Towns & Villages

Delve deeper into Kent by visiting these hidden towns and villages

Kent isn’t known as ‘The Garden of England’ for no reason - its biodiversity, colourful countryside and vast amount of formal gardens all prove why. But to add to its picture-perfectness, Kent is home to copious amounts of hidden treasures. Its towns and villages are full of character and are just waiting to be explored. This guide highlights the villages where some of our best Kent Holiday Cottages are hiding, as well as delving into the more unusual side to Kent’s Parish past…

St Margarets bay

St Margarets Bay

Just five miles North of Dover lies the much quieter village of St Margaret’s Bay. With equally dramatic views of the White Cliffs and the English Channel, St Margaret’s Bay is Dover on the down-low. St Margaret’s beach is a sand and shingle beach surrounded by chalk cliffs and is a family favourite. At low tide, rock pools are revealed which are perfect for exploring with the kids.

Up in St Margaret’s Bay village, there are a range of local pubs selling tasty food for you to try, as well as local shops for you to explore. A particular highlight is The Pines Garden Tea Room, which dedicates itself to nature conservation as well as cream teas and cakes. They have their own gardens where they grow the majority of their salad ingredients and vegetables, so you’re guaranteed to have an organic, fresh meal in a lovely surroundings. If cliffs, pubs and gardens sound like your thing, why not extend your stay in one of our St Margaret’s Cottages?

Bridge in the village Wye


Nestled in the Kent Downs Area of Outstanding Natural Beauty, Wye is a charming rural village that is brilliant for ramblers, as many of the walks around the Downs begin from the village’s Church and are clearly signposted. One of the most popular walks from Wye is the route up to Wye Crown, one of Kent’s distinctive chalk carvings. This one was created by students of Wye Agricultural College in 1902 to commemorate Edward VII’s coronation and still looks incredible today.

After your expedition, head to one of Wye’s many pubs and restaurants, including the lovely Kings Head, which is open for Breakfast, Lunch, Dinner and has a specialist wine menu. We have a range of Cottages in Wye should you wish to spend your break in a tranquil location such as this. Wye train station is also very well connected to the rest of the region, with services to Ramsgate, Maidstone, Tonbridge, Canterbury, Dover and London.

Biddenden Church


The posh little village of Biddenden is just north of Tenterden and on the border of the High Weald. An absolutely gorgeous high street made up of mock Tudor houses with floral displays greets you into the village centre and just wandering around is a pleasant experience. A hotbed for celebrities these days, Biddenden has always been home to notable people. When you get here, you’ll see the Biddenden ‘Two Maids’ sign, which plays homage to two sisters who lived as conjoined twins in the village many years ago. To this day, the sisters play a key role in village life and every year cheese and biscuits are handed round to the elderly with an illustration of the sisters on the biscuits.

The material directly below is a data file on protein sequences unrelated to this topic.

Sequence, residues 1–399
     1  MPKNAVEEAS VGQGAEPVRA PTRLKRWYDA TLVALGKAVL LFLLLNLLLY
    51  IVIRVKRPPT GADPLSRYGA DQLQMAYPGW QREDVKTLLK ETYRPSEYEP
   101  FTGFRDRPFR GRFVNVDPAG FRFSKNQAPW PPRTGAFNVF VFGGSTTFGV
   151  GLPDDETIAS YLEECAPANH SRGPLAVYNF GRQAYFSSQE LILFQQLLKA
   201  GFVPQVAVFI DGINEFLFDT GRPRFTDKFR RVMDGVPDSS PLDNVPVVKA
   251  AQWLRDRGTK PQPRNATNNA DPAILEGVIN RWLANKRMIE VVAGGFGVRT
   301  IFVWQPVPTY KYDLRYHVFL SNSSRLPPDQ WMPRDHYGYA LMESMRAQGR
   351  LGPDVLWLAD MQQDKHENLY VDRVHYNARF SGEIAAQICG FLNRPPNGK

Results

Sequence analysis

Biddenden is also famous for its food and drink. Take a trip to Biddenden Vineyard to sample some of Kent’s freshest ciders and wines, or visit The Heritage Garden Kitchen to dine on sustainably sourced, locally grown ingredients. For a calming holiday full of good food, local history and access to the countryside, take a look at our Biddenden Holiday Cottages.

Bridge over the river in Aylsford


Aylesford on the River Medway is a village with all the modern conveniences you could wish for, with a historical twist. A parish village, Aylesford thrived during the medieval period as a hub of Christianity. The Friars remains one of Aylesford’s main attractions and is a twelfth century monastery that was home to the Carmalites, a religious order who left after the Dissolution of the Monasteries and returned in 1949. Today you can visit the grounds, tea room and gift shop as well as worship at the Friars and it is a lovely place to go if you’re in need of some quiet time.

The village’s thirteenth century bridge has become synonymous with Aylesford and is a sight to behold. Keen photographers should prioritise a trip to Aylesford, as its medieval architecture makes for some interesting holiday snaps.

Graveyard at the church in pluckley


Time for an alternative recommendation now - health warning, not for the faint of heart! This quiet, unassuming Kentish village has a spooky underbelly and holds a Guinness World Record as the most haunted village in Britain. Among its ghostly residents are the Red Lady who haunts St Nicholas' Churchyard, a Phantom Coach and Horses and The Lady of Rose Court, who is said to have poisoned herself in a state of heartbreak. If these spooky stories sound like your thing, book onto one of the Pluckley Walking Ghost Tours to find out more.